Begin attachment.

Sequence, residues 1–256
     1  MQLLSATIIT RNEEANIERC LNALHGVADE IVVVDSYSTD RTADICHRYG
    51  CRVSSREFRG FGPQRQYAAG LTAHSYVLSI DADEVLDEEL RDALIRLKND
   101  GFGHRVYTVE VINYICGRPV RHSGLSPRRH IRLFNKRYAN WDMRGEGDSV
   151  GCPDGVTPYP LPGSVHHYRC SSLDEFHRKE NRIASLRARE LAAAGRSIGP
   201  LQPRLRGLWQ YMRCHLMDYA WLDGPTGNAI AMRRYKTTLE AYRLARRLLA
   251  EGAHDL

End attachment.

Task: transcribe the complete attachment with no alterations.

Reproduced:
Sequence, residues 1–256
     1  MQLLSATIIT RNEEANIERC LNALHGVADE IVVVDSYSTD RTADICHRYG
    51  CRVSSREFRG FGPQRQYAAG LTAHSYVLSI DADEVLDEEL RDALIRLKND
   101  GFGHRVYTVE VINYICGRPV RHSGLSPRRH IRLFNKRYAN WDMRGEGDSV
   151  GCPDGVTPYP LPGSVHHYRC SSLDEFHRKE NRIASLRARE LAAAGRSIGP
   201  LQPRLRGLWQ YMRCHLMDYA WLDGPTGNAI AMRRYKTTLE AYRLARRLLA
   251  EGAHDL